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with more mildness, and was soon after discharged from his confinement; but what influence the President's letter had on these measures is not known. In 1795, George Washington Motier La Fayette, the son of the Marquis La Fayette, made his escape from France, and arrived with his tutor at Boston. He immediately by letter communicated his situation to General W AshingtoN, and solicited his advice and patronage. The mother of young Fayette was then in France, and the President was surrounded by Frenchmen, the agents or friends of the administration, which had denounced the Marquis. These men were ready to denounce every act of favour done to a man who was proscribed by the French Government. From regard to the safety of that lady, and from prudential considerations in respect to his own official character, he thought it unadviseable to invite him immediately to the seat of government, and publickly to espouse hip interest. But he wrote confidentially to a friend in the neighbourhood of Boston, requesting him to visit the young gentleman, to acquaint him with the reason which rendered it inexpedient that he should be invited into the President's family, and, to adopt the language of the letter, to “administer all the consolation that he can derive from the most une quivocal assurances of my standing in the place, and be coming to him a father, friend, protector, and supporter “Considering how important it is to avoid idleness and dissipation—to improve his mind—and to give him all the advantages which education can bestow, my opinion and my advice to him is, (if he is qualified for admission) that he should enter as a student at the University in Cambridge ; although it should be for a short time only. The expense of which, as also for every other means for his support, I will pay; and now do authorize you, my dear sir, to draw upon me accordingly. And if it be desired that his tutor should accompany him to the University, any expense that he shall incur for the purpose, shall be borne by me in like manner.” The tutor of young Fayette thought he might with more advantage pursue his studies in private, and therefore he did not enter the University. The members of Congress, in opposition to the measures of the Administration, obtained the Knowledge of the arrival of a son of the Marquis La Fayette in some part of America. Expecting perhaps that the President had maintained a cold and unfeeling reserve towards him, they instituted an inquiry into his situation; and when they discovered that the President had extended towards young Fayette the assistance and the protection of a friend and a father, they dropped the subject. This young gentleman remained for a short time in the United States; returning to France, he distinguished himself in the army of Buonaparte; but the usual promotions have been denied him.

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The President calumniated—His Letter to Mr. Jefferson–Statement of the Secretary of the Treasury—The French Directory's attempt to control the American Government—Review of the Transactions with France—The President declares his resolution to retire from Publick Life—Meets Congress for the last Time— Describes the Letters that had been forged-i-Attends the Inauguration of Mr. Adams—Retires to Mount Vernon–Threatening Attitude of France—Gemaral Washington appointed Commander in Chief of the American Forces—His opinion of Publick Measures—His Indisposition and Death—Conclusion.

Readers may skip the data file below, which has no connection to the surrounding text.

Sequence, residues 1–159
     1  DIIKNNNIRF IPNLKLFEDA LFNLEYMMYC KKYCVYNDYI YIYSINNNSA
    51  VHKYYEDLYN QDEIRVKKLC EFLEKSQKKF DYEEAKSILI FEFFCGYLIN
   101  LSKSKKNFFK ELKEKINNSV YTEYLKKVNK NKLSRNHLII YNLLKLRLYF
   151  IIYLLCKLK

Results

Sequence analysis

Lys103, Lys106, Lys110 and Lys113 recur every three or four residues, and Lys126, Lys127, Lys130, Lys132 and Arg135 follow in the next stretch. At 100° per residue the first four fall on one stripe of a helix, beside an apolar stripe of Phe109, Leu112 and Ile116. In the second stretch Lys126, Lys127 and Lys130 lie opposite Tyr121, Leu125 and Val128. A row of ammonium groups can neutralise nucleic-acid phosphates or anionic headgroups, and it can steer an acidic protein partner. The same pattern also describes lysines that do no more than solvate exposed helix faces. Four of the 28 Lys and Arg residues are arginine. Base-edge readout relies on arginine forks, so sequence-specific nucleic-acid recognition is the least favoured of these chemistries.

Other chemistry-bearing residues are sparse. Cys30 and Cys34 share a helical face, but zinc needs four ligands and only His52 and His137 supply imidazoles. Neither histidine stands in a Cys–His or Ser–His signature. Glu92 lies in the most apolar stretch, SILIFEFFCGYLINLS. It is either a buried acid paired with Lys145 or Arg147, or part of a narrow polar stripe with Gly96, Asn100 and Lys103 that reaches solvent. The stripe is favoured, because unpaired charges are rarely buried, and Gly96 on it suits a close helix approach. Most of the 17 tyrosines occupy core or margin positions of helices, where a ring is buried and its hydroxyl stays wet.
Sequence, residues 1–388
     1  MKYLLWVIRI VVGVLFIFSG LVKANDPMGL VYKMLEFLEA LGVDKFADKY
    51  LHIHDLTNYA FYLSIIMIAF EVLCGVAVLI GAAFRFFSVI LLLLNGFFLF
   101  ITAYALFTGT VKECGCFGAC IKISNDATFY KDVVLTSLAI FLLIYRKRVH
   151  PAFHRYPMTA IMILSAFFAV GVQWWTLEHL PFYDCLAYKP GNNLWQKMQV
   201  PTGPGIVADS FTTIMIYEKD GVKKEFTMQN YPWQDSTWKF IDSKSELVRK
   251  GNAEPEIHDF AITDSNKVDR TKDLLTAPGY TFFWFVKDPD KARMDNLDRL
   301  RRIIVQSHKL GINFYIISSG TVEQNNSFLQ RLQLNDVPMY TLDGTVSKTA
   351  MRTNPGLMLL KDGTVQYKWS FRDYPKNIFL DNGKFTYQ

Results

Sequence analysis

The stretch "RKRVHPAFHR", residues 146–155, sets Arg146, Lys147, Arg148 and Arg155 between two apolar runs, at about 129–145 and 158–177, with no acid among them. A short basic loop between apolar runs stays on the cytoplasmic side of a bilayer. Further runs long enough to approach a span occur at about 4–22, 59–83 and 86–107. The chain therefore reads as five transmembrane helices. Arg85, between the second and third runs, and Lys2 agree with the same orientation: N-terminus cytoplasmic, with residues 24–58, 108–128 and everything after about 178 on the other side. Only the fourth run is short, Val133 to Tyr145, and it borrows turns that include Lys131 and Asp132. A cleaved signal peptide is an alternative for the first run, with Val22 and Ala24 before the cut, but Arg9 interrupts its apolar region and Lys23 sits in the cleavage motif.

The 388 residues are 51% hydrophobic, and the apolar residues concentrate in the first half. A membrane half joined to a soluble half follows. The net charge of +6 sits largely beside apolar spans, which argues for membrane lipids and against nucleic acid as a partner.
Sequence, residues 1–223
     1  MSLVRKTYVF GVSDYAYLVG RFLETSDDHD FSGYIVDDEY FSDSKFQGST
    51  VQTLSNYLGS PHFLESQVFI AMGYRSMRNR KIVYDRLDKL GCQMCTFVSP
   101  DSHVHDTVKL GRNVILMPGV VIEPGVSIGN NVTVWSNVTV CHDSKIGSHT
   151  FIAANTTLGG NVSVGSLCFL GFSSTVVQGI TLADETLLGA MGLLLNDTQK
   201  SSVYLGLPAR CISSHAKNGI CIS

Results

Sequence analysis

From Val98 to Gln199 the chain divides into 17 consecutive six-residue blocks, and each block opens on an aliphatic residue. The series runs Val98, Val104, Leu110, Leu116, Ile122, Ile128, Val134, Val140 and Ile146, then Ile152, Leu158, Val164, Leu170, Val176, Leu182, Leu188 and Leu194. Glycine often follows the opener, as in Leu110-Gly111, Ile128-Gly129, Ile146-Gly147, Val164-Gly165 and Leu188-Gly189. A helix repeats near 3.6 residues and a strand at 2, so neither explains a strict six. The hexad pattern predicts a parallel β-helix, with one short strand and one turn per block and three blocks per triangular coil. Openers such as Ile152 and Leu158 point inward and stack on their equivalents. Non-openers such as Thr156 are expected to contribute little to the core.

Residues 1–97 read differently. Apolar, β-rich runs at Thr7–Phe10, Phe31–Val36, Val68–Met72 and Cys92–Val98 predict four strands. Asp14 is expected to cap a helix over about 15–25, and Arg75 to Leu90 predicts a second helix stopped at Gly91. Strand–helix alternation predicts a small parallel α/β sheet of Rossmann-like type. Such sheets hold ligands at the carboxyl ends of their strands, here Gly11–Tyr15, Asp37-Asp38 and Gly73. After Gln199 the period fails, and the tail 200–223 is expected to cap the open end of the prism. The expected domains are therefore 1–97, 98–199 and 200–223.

1796. THE friends of General WAsHINGton ki.ew that it was his intention to decline being a candidate at the third election of President, and this was expected by the publick. Warm solicitations were used to dissuade him from the intention, but his determination was fixed; and nothing could change it, excepting a crisis in the affairs of his country, which would render retirement inconsistent with his duty, and derogatory to his character. In the possibility of such an event, his friends pre vailed with him to withhold the publick expression of his design until it should become necessary to direct the attention of the community to a successor. This silence alarmed the party opposed to his administration. His personal influence at the head of government, they conceived, could alone defeat their plans, and prevent a revolution in the National Council. Since the ratification of the British treaty, they had laid aside the decorous language and exteriour respect, which they had, until that period, observed towards the President, and on this occasion they with the utmost virulence assailed his character. His merit as a soldier, and his wisdom and patriotism as a statesman, were denied ; and even his honour and honesty as a man were brought into question. Letters, forged and published in 1776, to injure his reputation as the General in the revolutionary war, were at this time republished as genuine, to excite prejudice against him. The queries, which he had confidentially proposed to the deliberation of his Cabinet, were laid before the publick, with comments designed to show, that they indicated a deadly hostility to France. The queries could have come before the publick only by a breach of confidence in some one of the Cabinet. Mr. Jefferson was disposed to prevent any suspicion from resting on the mind of General WASHINGtoN, that he was the dishonourable individual, and for this purpose he addressed a letter to him, to which the President gave the following reply. “If I had entertained any suspicion before, that the queries which have been published in Bache's paper, proceeded from you, the assurances you have given of the contrary would have removed them ; but the truth is, I harboured none. I am at no loss to conjecture from what source they flowed, through what channel they were conveyed, nor for what purpose they and similar publications appear. “As you have mentioned the subject yourself, it would not be frank, candid, or friendly, to conceal that your conduct has been represented as derogating from that opinion I conceived you entertained of me; that to your particular friends and connexions you have described, and they have denounced me, as a person under dangerous influence, and that if I would listen more to some other opinions, all would be well. My answer has invariably been, that I had never distovered any thing in the conduct of Mr. Jefferson, to raise suspicions in my mind of his sincerty; that if he would vetrace my publick conduct while he was in the administration, abundant proofs would occur to him, that truth and right decisions were the sole objects of my pursuit; that there were as many instances within his own knowledge, of my having decided against as in favour of the person evidently alluded to ; and moreover, that I was no believer in the infallibility of the politicks or measures of any man living. In short, that I was no party man myself, and that the first wish of my heart was, if parties did exist, to reconcile them. “To this I may add, and very truly, that until the last year or two, I had no conception that parties would, or even could go the lengths I have been witness to ; nor did I believe until lately, that it was within the bounds of probability, hardly within those of possibility, that while I was using my utmost exertions to establish a national charactor of our own, independent, as far as our obligations and justice would permit, of every nation of the earth; and wished by steering a steady course to preserve this country from the horrours of a desolating war, I should be accused of being the enemy of one nation, and subject to the influence of another; and to prove it, that every act of my administration would be tortured, and the grossest and most insidious misrepresentations of them be made, by giving one side only of a subject, and that too in such exaggerated and indecent terms as could scarcely be applied to a Nero—to a notorious defaulter —or even to a common pickpocket. “But enough of this. I have already gone further in the expression of my feelings than I intended.” General WAshington was also atrociously cha: ged with having unlawfully drawn money from the publick treasury for his private use. This charge was supported by extracts from the books of the national treasury, and his enemies boasted that they had discovered an indelible blemish in his character ; but their triumph was only for a moment. The Secretary of the Treasury published a statement of facts, by which it clearly appeared that the money drawn by the orders of the President had in no year exceeded the appropriations for his salary. He received no publick money but for the support of his family, in some quarters of the year the receipts had overrun the amount due, and in others fallen short; and that the President himself had no concern in the transaction, the busi ness having been conducted by a gentleman who su perintended his household. The publick frowned his accusers into silence, and the weapon levelled against his reputation fell innoxious to the ground. The Government of France was too well acquainted with the number and the temper of their friends in “he United States, to relinquish the plan formed to obtain a controlling influence in the administration of American affairs. Mr. Fauchet had made formal complaints against the measures of President WASHINGron. For a time his remonstrances were made in the lan guage of decency and respect; but at the close of his ministry, he descended to the reproachful manner of his predecessor. Mr. Adet arrived at Philadelphia, while the Senate were deliberating on the British Vol. II. 15